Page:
The wood and canvas offices and Pavilion, and the Clock Tower, were brought from Wimbledon and huts with 40 rooms were built. The London and South Western Railway Company, which operated the Waterloo to Southampton line, built a spur from Brookwood Station to serve the Camp, and the light tramway was relaid to connect Camp and ranges. The original range layout proved its worth in 1890 and its basic outline remains today. For a few years the NRA met the demand for clubhouses and living accommodation by renting out the buildings, but by 1894 the Association was financially overstretched and the policy changed to selling ground leases.


A world-class venue

The ranges laid out in 1890/91 are substantially similar to those of today. Stickledown (the long-distance range) was extended from 24 to 40 targets in 1903 (later 50), and the greatest distance was increased from 1100 to 1200 yards in 1910. Century was so named in 1903 when the Great Butt was widened from 90 to 100 targets (now 108). These two very large ranges and the associated danger areas provide a framework for the siting of smaller, specialist ranges, and have proved adaptable for many new types of shooting disciplines which have evolved in the 100 years since they were designed.

Most recently, Bisley hosted all the shooting events for the 2002 Commonwealth Games. Brand new formal clay facilities were constructed and the Lord Roberts Centre was built to house a smallbore rifle range and press facilities. On the 300m range it is now possible to shoot using the latest electronic targetry.

Set in 3000 acres of Surrey heathland some 30 miles from Central London, Bisley has the unique combination of the best, most modern, and largest arrangement of shooting facilities in the world combined with colonial-style clubhouses.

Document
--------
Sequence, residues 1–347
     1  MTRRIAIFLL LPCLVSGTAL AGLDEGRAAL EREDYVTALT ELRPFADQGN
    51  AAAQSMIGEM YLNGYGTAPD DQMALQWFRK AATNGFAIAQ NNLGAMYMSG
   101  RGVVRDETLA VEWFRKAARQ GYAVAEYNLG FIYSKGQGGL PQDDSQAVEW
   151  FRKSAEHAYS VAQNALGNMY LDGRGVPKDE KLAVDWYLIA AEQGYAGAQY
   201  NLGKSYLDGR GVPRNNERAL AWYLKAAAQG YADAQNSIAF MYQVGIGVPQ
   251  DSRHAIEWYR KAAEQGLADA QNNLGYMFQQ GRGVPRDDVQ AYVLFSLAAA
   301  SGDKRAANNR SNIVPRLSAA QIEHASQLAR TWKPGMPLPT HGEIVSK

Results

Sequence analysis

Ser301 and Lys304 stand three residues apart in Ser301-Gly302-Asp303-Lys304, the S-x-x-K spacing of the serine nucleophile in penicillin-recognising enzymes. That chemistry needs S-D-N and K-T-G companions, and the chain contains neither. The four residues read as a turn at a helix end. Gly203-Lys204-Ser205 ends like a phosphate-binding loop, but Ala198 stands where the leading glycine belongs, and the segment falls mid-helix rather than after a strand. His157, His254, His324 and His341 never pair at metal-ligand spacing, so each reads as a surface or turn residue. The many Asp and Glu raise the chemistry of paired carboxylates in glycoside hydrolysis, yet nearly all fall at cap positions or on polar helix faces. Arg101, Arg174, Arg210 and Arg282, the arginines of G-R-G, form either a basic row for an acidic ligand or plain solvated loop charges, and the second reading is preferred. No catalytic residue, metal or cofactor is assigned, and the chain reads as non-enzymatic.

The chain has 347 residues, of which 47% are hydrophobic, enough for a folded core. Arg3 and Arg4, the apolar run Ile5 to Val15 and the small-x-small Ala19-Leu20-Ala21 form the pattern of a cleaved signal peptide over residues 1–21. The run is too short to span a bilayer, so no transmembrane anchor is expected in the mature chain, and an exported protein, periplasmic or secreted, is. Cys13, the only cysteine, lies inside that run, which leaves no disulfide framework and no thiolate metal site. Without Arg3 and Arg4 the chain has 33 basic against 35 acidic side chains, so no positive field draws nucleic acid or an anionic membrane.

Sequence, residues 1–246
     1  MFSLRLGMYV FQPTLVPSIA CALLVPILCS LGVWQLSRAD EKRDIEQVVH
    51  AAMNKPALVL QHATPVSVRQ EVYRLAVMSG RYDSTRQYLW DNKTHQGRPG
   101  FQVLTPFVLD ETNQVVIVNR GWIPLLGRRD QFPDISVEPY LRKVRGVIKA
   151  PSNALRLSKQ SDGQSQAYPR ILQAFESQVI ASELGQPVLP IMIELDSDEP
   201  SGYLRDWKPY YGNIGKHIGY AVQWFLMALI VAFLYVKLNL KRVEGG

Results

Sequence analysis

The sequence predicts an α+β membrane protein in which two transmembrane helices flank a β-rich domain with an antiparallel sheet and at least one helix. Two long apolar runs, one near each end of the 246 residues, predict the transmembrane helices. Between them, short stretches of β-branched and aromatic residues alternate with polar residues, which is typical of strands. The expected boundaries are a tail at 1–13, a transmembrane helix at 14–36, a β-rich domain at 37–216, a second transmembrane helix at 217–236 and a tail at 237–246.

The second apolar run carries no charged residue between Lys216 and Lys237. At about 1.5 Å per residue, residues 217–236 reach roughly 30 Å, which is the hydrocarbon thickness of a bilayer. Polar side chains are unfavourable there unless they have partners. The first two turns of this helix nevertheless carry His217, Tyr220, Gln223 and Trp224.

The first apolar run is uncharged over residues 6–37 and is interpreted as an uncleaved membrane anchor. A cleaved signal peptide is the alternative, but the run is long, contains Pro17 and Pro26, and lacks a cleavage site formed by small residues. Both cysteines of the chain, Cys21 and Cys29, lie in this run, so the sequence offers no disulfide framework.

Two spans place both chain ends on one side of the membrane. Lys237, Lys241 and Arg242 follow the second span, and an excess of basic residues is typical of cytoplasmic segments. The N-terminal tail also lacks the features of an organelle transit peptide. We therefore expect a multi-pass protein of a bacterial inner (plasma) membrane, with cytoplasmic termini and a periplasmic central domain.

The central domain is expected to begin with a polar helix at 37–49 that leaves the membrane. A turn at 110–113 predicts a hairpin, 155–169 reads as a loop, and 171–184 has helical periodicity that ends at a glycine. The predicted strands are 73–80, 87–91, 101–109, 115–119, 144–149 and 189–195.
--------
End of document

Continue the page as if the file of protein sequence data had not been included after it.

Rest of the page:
Modern facilities set in a Victorian / Edwardian time warp

Bisley, apart from being able to offer a great variety of shooting, has other advantages. It is the largest range complex in the world within a major centre of population and has few restrictions such as those which now inhibit new ranges being built in populated areas. A glance at a map will show the ranges and their associated danger areas as an oasis in a near suburban part of the South of England; and an added bonus for all, especially the naturalists, is the abundance of flora and fauna - some of which are unique to the area. The ranges are now a European Site of Special Scientific Interest (SSSI) and so protected from modern development.

It is in large part a Victorian and Edwardian time warp. Nearly all the original buildings survive and a recent massive restoration programme has put most of them in good order and to good use. Relatively little has been built since 1914 to spoil the charm of the Camp; and such as may be built hereafter must be in keeping with the older buildings now that the bulk of the Camp is formally designated a Conservation Area. Visitors from home and overseas are agreed that Bisley Camp has a special appeal. The Council of the NRA is well aware of this sentiment that does much to distinguish Bisley from ranges or shooting centres elsewhere in the world, and has resolved to maintain it so, in contrast to the inevitable brick or steel or concrete of modern constructions. 

(source - http://www.nsc-bisley.co.uk/)